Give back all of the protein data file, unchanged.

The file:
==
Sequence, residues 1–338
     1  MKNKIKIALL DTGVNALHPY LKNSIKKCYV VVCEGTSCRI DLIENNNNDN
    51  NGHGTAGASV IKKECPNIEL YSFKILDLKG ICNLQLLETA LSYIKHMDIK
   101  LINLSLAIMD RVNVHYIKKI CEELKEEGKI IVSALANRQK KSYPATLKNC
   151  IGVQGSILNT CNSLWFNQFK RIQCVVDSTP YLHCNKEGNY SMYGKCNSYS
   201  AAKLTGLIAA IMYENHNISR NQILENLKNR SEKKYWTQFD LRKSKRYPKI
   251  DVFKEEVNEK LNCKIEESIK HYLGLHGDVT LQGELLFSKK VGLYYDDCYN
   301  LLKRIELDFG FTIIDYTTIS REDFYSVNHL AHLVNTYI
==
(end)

Sequence, residues 1–338
     1  MKNKIKIALL DTGVNALHPY LKNSIKKCYV VVCEGTSCRI DLIENNNNDN
    51  NGHGTAGASV IKKECPNIEL YSFKILDLKG ICNLQLLETA LSYIKHMDIK
   101  LINLSLAIMD RVNVHYIKKI CEELKEEGKI IVSALANRQK KSYPATLKNC
   151  IGVQGSILNT CNSLWFNQFK RIQCVVDSTP YLHCNKEGNY SMYGKCNSYS
   201  AAKLTGLIAA IMYENHNISR NQILENLKNR SEKKYWTQFD LRKSKRYPKI
   251  DVFKEEVNEK LNCKIEESIK HYLGLHGDVT LQGELLFSKK VGLYYDDCYN
   301  LLKRIELDFG FTIIDYTTIS REDFYSVNHL AHLVNTYI